"For me, what really works is that whenever I feel like I'm treading those lines, I start consciously paying attention to my body. Whether it's doing some physical activity or anything that's related to just being in my body, it gives me the ability to kickstart and launch myself again," says Adarsh.

Work:life balance: A myth in the life of an actor?

“I think it's very subjective," says Prajakta. "Work:life balance is not a blanket concept, it differs from person to person. I get to live this life where I am a creator, a writer and an actor. What I've learned over the past few years is that because you're so passionate about all these aspects, it can start to completely take over who you are as a person. There's a very fine line between these two aspects, but there is a line and you need to draw it for yourself,” she adds.

Adarsh Gourav. Photo: Supplied
Adarsh Gourav. Photo: Supplied

To this, Adarsh adds, “It's interesting because till even two years ago, my opinion about acting was just like main kurbaan kardunga apne aap ko (I’ll sacrifice myself for my craft). But over the last one or two years, I've started to value my family, my partner and the little things in life so much more. And a lot of that has to do with growing older. It's a beautiful realisation when it happens because the contentment you get from your work also becomes so much more rewarding,” says the actor.

Gen-Z and new-age formats

The three artistes have also been experimenting with new digital platforms, which seem to be more on the pulse of how today’s youth consumes content. However, when asked if they've figured what Gen-Z wants, the actors replied with a unanimous ‘no’. “Nobody has figured out what type of content the younger generations want to consume,” says Taaruk. “But that's also the beauty of it. We constantly get to experiment with platforms and new ways of telling stories,” he continues.

“There is no way you can map it," says Prajakta, who also creates a lot of social media content across YouTube and Instagram, which allows creators to leverage data-led insights. ‘At the end of the day, it's all a gamble. You do it with all your heart and then you leave it out to the world to react to it.”

“I don't think anybody has a definitive idea of what works because if you really look around, the way movies and series are performing, there are names that we think are a sure-shot ticket to success but they tank. And then there are names you've never heard of before, and they skyrocket," adds Prajakta.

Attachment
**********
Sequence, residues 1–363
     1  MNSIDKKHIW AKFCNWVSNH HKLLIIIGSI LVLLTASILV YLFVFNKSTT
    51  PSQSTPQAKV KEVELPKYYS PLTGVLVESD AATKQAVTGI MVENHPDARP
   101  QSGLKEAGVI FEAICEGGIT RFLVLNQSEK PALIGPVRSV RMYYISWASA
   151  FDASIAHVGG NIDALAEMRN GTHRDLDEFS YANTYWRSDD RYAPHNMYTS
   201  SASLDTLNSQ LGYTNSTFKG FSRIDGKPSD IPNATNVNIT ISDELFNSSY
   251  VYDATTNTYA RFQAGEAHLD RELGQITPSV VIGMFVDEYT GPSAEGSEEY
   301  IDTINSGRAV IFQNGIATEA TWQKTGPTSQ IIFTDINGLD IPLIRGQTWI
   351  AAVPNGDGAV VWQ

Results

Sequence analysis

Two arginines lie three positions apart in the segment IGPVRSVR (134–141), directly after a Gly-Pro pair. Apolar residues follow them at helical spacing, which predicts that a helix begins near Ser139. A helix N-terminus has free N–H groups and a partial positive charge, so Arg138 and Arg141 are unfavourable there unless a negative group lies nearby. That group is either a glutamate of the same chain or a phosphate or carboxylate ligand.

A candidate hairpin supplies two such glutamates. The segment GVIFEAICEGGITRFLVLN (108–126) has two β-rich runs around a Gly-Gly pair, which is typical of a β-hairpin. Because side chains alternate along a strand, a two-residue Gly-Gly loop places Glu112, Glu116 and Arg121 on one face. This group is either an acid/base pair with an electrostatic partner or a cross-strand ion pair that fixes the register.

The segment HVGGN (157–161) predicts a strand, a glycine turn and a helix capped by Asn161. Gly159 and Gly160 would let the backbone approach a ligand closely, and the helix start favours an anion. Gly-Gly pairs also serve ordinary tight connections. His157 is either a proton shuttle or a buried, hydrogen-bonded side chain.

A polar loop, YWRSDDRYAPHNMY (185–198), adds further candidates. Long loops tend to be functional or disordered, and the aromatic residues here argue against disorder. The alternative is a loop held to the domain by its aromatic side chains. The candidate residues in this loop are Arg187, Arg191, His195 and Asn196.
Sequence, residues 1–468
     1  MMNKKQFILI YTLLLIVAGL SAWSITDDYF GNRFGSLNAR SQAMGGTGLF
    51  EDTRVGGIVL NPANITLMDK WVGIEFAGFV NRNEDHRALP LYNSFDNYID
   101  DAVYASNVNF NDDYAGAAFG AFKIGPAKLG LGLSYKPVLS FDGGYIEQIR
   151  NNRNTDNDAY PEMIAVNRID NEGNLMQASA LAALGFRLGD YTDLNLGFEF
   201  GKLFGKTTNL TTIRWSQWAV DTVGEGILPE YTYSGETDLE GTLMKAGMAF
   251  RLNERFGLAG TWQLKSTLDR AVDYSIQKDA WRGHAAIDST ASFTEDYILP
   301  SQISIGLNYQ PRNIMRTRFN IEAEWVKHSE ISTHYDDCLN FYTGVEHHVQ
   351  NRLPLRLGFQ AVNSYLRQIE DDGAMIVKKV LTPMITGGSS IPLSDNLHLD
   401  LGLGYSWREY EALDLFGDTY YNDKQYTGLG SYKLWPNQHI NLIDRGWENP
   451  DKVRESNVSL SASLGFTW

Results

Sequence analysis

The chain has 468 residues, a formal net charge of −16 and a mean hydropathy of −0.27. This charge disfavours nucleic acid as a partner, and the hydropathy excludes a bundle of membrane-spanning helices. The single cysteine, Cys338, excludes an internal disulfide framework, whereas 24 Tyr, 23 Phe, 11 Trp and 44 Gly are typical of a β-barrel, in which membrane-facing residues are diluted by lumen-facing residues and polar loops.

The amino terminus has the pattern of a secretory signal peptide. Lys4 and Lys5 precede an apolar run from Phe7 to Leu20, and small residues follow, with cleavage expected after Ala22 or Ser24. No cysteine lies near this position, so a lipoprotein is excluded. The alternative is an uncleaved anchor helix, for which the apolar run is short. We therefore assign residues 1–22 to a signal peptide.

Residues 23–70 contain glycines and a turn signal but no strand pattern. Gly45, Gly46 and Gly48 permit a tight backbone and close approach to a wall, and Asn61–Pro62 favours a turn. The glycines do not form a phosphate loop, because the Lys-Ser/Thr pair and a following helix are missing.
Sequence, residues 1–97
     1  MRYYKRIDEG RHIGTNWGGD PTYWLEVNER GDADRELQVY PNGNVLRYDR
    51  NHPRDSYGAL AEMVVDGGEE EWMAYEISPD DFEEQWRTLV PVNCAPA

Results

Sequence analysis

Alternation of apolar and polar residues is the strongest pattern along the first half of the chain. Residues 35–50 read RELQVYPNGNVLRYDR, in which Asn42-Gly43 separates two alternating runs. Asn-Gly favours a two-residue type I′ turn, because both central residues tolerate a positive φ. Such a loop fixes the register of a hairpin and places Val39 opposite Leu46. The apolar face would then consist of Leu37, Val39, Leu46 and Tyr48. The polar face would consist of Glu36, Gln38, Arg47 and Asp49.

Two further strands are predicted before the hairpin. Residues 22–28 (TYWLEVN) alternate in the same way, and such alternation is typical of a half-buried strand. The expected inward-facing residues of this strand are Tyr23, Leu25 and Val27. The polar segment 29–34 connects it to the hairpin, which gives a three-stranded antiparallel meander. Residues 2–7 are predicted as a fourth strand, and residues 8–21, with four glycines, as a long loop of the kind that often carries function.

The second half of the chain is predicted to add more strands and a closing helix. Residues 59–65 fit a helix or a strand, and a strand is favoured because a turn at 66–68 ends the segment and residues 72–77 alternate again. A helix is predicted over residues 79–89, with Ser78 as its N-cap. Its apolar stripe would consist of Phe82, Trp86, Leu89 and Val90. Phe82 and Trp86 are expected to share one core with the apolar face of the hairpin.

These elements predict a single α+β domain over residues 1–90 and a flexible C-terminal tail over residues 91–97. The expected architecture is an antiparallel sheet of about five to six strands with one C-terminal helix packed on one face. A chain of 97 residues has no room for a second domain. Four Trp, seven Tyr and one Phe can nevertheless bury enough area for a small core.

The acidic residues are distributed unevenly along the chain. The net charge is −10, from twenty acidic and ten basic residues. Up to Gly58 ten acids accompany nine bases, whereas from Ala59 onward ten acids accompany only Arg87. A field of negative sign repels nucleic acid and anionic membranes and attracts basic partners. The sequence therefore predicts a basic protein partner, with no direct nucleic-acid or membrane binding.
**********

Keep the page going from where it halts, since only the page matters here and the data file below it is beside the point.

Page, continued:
"It's easier to just make content for yourselves. As an actor, what I'm chasing is what makes me happy and what inspires me. I need to love it first, in order for others to appreciate it," says Adarsh.

Acting for sound

Desi Down Under is an immersive 9-episode Audible Original series with 3D sound, set on the shores of Sydney. The process of acting for audio-only “is completely different from acting for the visual mediums," says Prajakta. “It’s not even the same as dubbing because it's a lot to do with what you see while you're recording the sound and how well you can see it, so your listener can see it too. All of us just lucked out when it comes to Mantra and Mithila because it's written so beautifully with such great detail, that it makes our job easier."

“It’s also different because you don't have the armour of getting into costume and the entire facade around you," says Taaruk. “You end up drawing a lot from the Foley and the ambience that is created. For instance, if we're on the beach, you put on your headphones and start listening to the seagulls and the waves crashing on the shore, and people shouting or playing cricket. It's so immersive that it immediately affects your voice and your breath," explains Adarsh, who's returned to the audio series format after The Sandman in 2020.

Photo: Audible
Photo: Audible

Audio format — the next big thing?

“The good thing about being in the content business right now is that nothing is competing against each other. The digital economy is expanding so rapidly with consumers and creators that we've now reached a point where everything has an audience,” says Prajakta, who’s venturing into acting for the first time with this project. “There's a huge pool of content and the audience gets to decide what they want to consume and how they want to consume it,” says Taaruk. To this, Prajakta adds, “I don't think the audio and visual platforms are competing against each other. It's a great time to be a creative because it's all about the content.”